Infant-directed behaviour in the naturally paternal male dwarf hamster, Phodopus campbelli, is neither activationally nor organizationally regulated by activity at the progesterone receptor

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Thorpe, Joelle
progesterone , dwarf hamster , RU486 , paternal behaviour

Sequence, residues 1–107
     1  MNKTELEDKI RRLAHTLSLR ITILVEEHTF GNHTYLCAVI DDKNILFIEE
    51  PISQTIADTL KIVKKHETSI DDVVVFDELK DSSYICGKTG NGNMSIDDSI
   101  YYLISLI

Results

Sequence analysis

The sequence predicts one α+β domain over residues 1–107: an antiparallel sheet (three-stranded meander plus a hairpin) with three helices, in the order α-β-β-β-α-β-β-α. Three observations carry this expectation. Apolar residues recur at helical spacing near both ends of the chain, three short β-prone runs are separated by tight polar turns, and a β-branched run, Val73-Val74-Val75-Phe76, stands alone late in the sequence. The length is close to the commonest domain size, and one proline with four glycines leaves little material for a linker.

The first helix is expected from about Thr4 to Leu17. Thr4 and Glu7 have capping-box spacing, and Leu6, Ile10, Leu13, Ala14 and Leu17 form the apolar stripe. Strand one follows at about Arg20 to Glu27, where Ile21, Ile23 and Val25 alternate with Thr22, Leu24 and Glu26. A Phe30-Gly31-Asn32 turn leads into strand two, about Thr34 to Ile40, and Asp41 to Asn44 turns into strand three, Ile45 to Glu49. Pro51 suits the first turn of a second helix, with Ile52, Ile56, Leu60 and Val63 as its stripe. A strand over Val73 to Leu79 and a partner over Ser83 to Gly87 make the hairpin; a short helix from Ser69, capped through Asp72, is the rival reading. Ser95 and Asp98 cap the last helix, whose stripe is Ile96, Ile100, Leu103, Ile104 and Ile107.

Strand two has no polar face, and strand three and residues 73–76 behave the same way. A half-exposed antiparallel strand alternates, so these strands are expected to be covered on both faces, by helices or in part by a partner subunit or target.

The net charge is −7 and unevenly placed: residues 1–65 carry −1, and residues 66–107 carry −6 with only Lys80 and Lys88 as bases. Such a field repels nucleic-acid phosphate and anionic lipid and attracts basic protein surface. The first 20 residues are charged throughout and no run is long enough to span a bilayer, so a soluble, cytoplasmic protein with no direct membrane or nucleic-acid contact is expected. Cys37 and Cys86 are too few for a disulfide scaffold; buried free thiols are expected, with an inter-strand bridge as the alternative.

Phodopus campbelli is a naturally biparental dwarf hamster with males so paternal they will act as midwives during the birth of their litter. The hormonal regulation of parental behaviour has been well established in many species. However, to date, no causal mechanism for the extensive paternal behaviour displayed by male P. campbelli has been discovered. Recently, activity at the progesterone receptor has been shown to inhibit infant-directed behaviour in male mice. Therefore, the first study in this thesis was carried out to determine if antagonism of the progesterone receptor (PR) would enhance infant-directed care behaviour in naïve P. campbelli males. Despite detectable serum progesterone concentration in males, PR antagonism did not alter progesterone concentration, nor did it alter infant-directed behaviour in males with antagonized PR in adulthood. A slight increase in the latency to retrieve a pup seen in males with antagonized PR during adolescence suggests that there may be a developmental effect of PR activity on infant-directed behaviour in adulthood. Neonatal male rats express high levels of PR in brain regions important for parental behaviour. Since hormones can act very early in life to organize adult behaviour, the second study was carried out to determine if progesterone acting much earlier than adolescence is important in the regulation of paternal behaviour in P. campbelli adulthood. Males were treated daily for the first week of life with transdermal progesterone, which increased neonatal serum progesterone concentration fivefold. Despite the significant increase in progesterone (and therefore presumably activity at the PR), male behaviour in three different stages of adulthood (sexually naïve, during the birth of the male’s first litter, and in new fatherhood) towards pups was not altered. Measures of paternal contribution such as pup weight throughout the lactational period were altered by progesterone treatment during the neonatal period, but litter quality was ultimately high in both groups. Therefore, activity at the PR in adulthood, puberty, or during the neonatal period does not inhibit paternal behaviour in the naturally biparental hamster, P. campbelli. Thus, progesterone and its receptor do not organizationally or activationally regulate paternal behaviour in P. campbelli.
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